US5338625A (en) 1992-07-29 1994-08-16 Martin Marietta Energy Systems, Inc. Thin film battery and method for making same
CA2110097C (en) 1992-11-30 2002-07-09 Soichiro Kawakami Secondary battery
US5409786A (en) 1993-02-05 1995-04-25 Eveready Battery Company, Inc. Inactive electrochemical cell having an ionically nonconductive polymeric composition activated by electrolyte salt solution
EP0614239A3 (en) 1993-03-01 1996-10-16 Tadiran Ltd Non-aqueous safe secondary cell.
US5342710A (en) 1993-03-30 1994-08-30 Valence Technology, Inc. Lakyer for stabilization of lithium anode
US5387479A (en) 1993-06-16 1995-02-07 Valence Technology, Inc. Electrodes for rechargeable lithium batteries
US5569520A (en) 1994-01-12 1996-10-29 Martin Marietta Energy Systems, Inc. Rechargeable lithium battery for use in applications requiring a low to high power output
US5648187A (en) 1994-02-16 1997-07-15 Moltech Corporation Stabilized anode for lithium-polymer batteries
US5961672A (en) 1994-02-16 1999-10-05 Moltech Corporation Stabilized anode for lithium-polymer batteries
ES2080686B1 (en) 1994-02-16 1996-10-16 S E De Carburos Metalicos S A Electrowinning process and equipment in contaminated wastewater purification using oxygen cathodes.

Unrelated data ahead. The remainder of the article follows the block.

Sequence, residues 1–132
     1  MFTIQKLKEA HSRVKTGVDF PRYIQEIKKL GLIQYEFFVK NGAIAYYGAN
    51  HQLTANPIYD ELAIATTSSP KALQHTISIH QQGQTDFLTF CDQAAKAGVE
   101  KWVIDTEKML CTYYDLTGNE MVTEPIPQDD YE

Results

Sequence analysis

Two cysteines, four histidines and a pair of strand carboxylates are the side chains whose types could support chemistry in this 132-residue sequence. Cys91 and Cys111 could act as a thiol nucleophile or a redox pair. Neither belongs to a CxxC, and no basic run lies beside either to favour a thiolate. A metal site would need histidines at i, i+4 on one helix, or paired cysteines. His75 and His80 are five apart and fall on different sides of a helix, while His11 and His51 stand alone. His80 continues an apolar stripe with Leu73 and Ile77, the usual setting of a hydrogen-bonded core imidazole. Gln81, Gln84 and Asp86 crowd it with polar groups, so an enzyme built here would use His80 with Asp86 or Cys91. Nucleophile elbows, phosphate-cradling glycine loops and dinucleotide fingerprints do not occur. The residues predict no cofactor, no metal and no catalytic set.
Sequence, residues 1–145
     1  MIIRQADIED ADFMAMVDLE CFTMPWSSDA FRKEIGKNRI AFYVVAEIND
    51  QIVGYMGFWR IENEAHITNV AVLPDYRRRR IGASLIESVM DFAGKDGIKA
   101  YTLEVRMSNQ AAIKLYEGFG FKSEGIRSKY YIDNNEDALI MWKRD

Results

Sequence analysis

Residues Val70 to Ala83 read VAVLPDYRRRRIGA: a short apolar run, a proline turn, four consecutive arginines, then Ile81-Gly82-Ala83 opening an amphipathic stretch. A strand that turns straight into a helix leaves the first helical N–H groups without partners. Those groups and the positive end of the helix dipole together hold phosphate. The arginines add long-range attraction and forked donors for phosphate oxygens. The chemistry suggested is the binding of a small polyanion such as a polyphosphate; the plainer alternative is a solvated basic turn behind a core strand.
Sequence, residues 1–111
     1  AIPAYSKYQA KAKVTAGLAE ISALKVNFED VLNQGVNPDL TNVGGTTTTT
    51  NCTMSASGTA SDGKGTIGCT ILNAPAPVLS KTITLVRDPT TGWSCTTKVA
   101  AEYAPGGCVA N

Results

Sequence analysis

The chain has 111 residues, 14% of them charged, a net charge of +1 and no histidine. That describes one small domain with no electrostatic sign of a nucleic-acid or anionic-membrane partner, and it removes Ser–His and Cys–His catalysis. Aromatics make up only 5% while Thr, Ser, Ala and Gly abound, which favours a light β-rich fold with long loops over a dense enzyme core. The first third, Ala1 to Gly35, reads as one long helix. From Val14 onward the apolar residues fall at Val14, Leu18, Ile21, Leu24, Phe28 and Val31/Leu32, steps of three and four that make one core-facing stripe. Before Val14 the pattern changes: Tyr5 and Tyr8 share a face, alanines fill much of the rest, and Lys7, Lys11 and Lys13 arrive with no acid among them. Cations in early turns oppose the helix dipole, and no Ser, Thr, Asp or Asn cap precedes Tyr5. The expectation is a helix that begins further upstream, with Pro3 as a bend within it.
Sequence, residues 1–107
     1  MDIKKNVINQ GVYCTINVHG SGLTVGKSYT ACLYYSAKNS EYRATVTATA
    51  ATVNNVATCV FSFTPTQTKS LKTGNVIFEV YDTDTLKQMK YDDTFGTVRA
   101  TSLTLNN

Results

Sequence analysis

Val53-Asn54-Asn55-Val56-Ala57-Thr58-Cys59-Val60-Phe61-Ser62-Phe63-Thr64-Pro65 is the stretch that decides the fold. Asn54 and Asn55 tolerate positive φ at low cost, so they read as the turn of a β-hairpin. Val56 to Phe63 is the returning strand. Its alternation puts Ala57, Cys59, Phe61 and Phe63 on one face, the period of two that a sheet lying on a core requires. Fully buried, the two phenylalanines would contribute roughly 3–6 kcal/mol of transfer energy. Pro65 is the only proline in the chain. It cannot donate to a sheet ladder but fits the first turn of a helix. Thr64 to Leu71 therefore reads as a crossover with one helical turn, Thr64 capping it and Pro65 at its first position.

US5576119A (en) 1994-06-01 1996-11-19 Tadiran Ltd. Rechargeable electrochemical alkali-metal cells
US5516598A (en) 1994-07-28 1996-05-14 Polyplus Battery Company, Inc. Secondary cell using organosulfur/metal charge transfer materials as positive electrode
US5686201A (en) 1994-11-23 1997-11-11 Polyplus Battery Company, Inc. Rechargeable positive electrodes
US6017651A (en) 1994-11-23 2000-01-25 Polyplus Battery Company, Inc. Methods and reagents for enhancing the cycling efficiency of lithium polymer batteries
US5814420A (en) 1994-11-23 1998-09-29 Polyplus Battery Company, Inc. Rechargeable positive electrodes
US6376123B1 (en) 1994-11-23 2002-04-23 Polyplus Battery Company Rechargeable positive electrodes
US6358643B1 (en) 1994-11-23 2002-03-19 Polyplus Battery Company Liquid electrolyte lithium-sulfur batteries
US5582623A (en) 1994-11-23 1996-12-10 Polyplus Battery Company, Inc. Methods of fabricating rechargeable positive electrodes
US5523179A (en) 1994-11-23 1996-06-04 Polyplus Battery Company Rechargeable positive electrode
US6030720A (en) 1994-11-23 2000-02-29 Polyplus Battery Co., Inc. Liquid electrolyte lithium-sulfur batteries
US6955866B2 (en) 1998-09-03 2005-10-18 Polyplus Battery Company Coated lithium electrodes